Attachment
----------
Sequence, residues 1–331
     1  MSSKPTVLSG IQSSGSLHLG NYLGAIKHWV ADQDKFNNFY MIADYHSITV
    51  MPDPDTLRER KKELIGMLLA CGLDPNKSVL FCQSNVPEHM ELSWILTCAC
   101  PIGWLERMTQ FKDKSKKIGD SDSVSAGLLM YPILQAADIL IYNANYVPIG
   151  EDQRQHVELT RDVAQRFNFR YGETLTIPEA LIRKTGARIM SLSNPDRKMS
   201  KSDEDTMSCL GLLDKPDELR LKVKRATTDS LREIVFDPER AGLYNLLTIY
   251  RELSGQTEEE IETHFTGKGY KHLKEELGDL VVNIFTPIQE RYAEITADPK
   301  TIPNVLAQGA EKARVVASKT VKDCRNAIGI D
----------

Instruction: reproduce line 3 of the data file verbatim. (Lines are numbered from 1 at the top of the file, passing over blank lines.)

    51  MPDPDTLRER KKELIGMLLA CGLDPNKSVL FCQSNVPEHM ELSWILTCAC